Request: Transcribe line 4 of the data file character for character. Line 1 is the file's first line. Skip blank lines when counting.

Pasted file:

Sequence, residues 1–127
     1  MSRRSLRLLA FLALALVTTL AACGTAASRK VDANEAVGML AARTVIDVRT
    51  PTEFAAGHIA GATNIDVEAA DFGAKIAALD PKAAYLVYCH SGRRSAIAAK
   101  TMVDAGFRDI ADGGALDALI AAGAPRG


   101  TMVDAGFRDI ADGGALDALI AAGAPRG